Arafat was forced to make Abbas prime-minister by the west and nobody wanted him in Palestine that is when given the opportunity the Palestinians democratically chose Hamas. Abbas has no authority to hold any position if it wasn't for western backing and the PLO ruled both the West bank and Gaza for more than 10 years, they couldn't protect or provide for their own people all they were busy doing was trying to protect Israeli's at the expense of their own countrymen .... Its seem the Western notion of Democracy in the Middle East is for the Western governments to freely rule the people of the Middle East ?

3:59 PM  
Anonymous Anonymous said...

Here is a blog posting an article written 12 days ago by Dennis Ross describing what is going on today, i.e. he predicted it ( it was planned but not effectively carried out ) .

4:06 PM  
Blogger badger said...

thank you both for those two links. The al-Masry al-Yaum piece shows Egyptian officials pointing the finger after the event at the US and Israel for having supported Dahlan and his security outfit, triggering this revolt, which in itself is a point well-taken, but as the blogger points out, it doesn't follow that Egypt wasn't part of the scheme.

The Ross piece is a strange one. (It was actually published in the WaPo on June 4 where I didn't see it and I guess a lot of people didn't). As anarab says, Ross predicted exactly what happened, (pointing the finger at Egypt, interestingly) but it is also interesting that he talks about the possibility of a differential help-Fatah abandon-Hamas policy as if that wasn't already US policy. An interesting case of a US insider telling people a catastrophe was coming without telling them the important role of US policy in triggering it.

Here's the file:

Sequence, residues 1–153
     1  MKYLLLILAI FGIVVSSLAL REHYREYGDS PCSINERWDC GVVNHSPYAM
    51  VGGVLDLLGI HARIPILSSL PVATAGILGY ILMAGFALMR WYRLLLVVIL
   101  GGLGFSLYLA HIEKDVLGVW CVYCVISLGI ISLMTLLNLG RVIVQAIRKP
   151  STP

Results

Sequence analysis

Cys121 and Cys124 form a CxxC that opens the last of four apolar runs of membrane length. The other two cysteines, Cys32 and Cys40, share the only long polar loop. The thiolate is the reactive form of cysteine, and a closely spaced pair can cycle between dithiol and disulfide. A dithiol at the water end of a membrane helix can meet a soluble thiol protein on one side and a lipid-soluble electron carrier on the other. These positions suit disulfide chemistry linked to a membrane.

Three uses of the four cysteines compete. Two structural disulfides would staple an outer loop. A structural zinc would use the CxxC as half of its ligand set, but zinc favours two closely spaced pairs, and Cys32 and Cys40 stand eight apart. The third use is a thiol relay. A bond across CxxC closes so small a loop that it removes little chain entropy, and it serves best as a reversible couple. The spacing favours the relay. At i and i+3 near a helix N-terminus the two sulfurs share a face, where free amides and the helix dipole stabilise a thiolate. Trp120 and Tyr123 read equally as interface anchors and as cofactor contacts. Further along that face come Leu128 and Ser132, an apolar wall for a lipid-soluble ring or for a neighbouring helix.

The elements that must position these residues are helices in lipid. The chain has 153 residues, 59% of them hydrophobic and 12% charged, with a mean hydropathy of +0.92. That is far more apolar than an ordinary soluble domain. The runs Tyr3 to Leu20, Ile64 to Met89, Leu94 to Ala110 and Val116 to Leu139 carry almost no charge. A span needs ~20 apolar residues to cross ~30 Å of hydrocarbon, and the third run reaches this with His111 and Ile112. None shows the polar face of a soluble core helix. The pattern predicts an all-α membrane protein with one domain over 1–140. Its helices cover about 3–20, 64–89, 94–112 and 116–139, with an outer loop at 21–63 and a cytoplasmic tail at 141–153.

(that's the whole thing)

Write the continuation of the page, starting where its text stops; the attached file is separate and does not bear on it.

5:43 PM  
Anonymous Anonymous said...

Actually there was another piece I read, but I couldn't find it again. In it the head of Egyptian security services Omar Suliman is said to have called Dahlan and given him some harsh word for not being able to defeat Hamas after all the money, equipment and training they had provided his forces .... his excuse ( Dahlan ) was that he was in Egypt at the time having an operation on his Knee.

9:20 PM  
Anonymous Anonymous said...


It wasn't a satirical question. If the West Bank media is just an arm of PLO propaganda then what it has to say about the current situation is of no value. If there are independent outlets I would expect Badger to know of them and it would be interesting to learn their reactions.